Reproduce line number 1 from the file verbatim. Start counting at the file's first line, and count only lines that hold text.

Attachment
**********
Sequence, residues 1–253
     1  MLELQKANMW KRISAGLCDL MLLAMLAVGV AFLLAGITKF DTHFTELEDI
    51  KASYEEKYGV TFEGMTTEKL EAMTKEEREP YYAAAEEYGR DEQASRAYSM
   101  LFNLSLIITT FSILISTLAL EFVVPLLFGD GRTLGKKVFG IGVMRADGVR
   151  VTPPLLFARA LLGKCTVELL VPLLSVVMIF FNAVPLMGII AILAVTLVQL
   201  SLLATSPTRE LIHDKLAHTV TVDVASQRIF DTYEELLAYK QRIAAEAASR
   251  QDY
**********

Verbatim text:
Sequence, residues 1–253